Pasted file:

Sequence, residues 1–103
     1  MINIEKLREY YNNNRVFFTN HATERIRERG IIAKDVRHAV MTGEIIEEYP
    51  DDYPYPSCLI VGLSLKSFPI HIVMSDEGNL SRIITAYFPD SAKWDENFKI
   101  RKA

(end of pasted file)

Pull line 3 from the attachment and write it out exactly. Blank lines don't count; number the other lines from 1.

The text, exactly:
    51  DDYPYPSCLI VGLSLKSFPI HIVMSDEGNL SRIITAYFPD SAKWDENFKI